The Three Principles of Accountability

When expectations go unmet and someone has failed to deliver, how often do you assume that they have failed to follow through because something is wrong with them? This is what we call the Accountability Fallacy, the first of the three accountability principles that form the underpinning of any real shift to true accountability in an organization or team. The Fallacy, a mistaken belief based upon an unsound argument, is that it is most probable we have been as effective as we should be at establishing our accountability expectations with others in a way that optimizes success. When people fall prey to the Accountability Fallacy, they not only assume that others are flawed, but that they themselves can do little or nothing to change those flaws except to punish people when they make mistakes or fail to deliver.


The second principle of accountability, key to holding people accountable the positive, principled way, is the Accountability Assumption. The assumption counsels that, in any given circumstance, you should always begin with the assumption that people are doing their very best to fulfill your expectations. This assumption allows you to approach the process of holding others accountable with the view that people want things to succeed just as much as you do and that they are doing all they can to make that happen. By applying the Accountability Assumption, you not only bring out the best in yourself, but, with some rare exceptions, you will see the same coming from the people you depend upon.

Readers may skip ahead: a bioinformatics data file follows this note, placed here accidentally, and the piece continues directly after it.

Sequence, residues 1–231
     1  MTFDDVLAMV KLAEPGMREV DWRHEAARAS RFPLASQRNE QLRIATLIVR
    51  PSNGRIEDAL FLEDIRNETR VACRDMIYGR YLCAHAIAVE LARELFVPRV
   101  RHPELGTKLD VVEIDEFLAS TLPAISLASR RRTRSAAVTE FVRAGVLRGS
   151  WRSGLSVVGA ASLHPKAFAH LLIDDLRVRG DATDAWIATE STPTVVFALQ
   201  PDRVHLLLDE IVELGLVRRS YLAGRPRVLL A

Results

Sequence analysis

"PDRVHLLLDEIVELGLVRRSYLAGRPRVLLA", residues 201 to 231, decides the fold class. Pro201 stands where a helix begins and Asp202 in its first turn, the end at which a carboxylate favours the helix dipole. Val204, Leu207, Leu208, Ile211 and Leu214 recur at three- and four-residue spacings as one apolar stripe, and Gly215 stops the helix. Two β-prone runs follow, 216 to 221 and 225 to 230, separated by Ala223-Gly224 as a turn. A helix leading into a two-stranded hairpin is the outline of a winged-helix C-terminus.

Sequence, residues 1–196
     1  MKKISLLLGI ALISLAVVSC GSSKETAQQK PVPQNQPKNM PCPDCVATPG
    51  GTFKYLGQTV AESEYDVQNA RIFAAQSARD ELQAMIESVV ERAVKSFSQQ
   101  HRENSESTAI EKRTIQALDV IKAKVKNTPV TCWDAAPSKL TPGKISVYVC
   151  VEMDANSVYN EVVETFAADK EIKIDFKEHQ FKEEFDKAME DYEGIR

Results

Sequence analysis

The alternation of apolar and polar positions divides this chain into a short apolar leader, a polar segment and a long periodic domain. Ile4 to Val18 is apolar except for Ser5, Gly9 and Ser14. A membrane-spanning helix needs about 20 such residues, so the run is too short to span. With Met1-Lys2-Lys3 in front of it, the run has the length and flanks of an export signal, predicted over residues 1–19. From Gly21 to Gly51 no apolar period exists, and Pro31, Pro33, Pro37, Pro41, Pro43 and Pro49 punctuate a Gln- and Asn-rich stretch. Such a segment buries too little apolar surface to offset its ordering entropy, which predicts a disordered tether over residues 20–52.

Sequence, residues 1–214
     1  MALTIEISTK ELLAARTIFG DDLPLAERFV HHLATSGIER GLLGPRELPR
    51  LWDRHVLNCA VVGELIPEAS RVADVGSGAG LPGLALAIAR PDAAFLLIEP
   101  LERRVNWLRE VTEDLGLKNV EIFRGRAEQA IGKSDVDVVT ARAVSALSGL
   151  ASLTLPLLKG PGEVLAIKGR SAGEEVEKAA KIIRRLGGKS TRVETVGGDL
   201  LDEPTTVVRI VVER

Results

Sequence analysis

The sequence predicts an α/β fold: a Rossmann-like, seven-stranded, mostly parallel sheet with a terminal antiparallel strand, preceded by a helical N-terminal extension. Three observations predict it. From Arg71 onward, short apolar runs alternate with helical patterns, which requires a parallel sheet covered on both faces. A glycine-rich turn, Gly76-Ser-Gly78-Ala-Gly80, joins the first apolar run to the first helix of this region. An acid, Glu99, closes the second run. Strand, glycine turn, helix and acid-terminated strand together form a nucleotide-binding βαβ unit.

When the people you count on fail to follow through and deliver on expectations, there’s only one thing to do—apply the third and final principle, the Accountability Truth. True accountability begins by looking at yourself, by holding yourself accountable. The truth is, when things go wrong, there is usually something wrong with what “I” am doing. When you embrace this principle, you harness future outcomes and strengthen your ability to hold others accountable. Seeing yourself as part of the problem empowers you to join the team and do whatever it takes to solve the problem. Thinking and behaving this way allows you to become more proficient at getting results through others.

These three principles form the foundation for holding others accountable in a positive, principled way and set the stage for effectively establishing expectations with others in a way that produces results and fosters true accountability.

To learn more about these principles and how to effectively establish expectations, contact us.

Related Stories

Learn More

Which type of culture yields 316% revenue growth?

Jessica Kriegel

Learn More

Storytelling and the L&D Connection

Learn More

The Virtual Layoff and Cultures in Flux

What Can We Help You Find?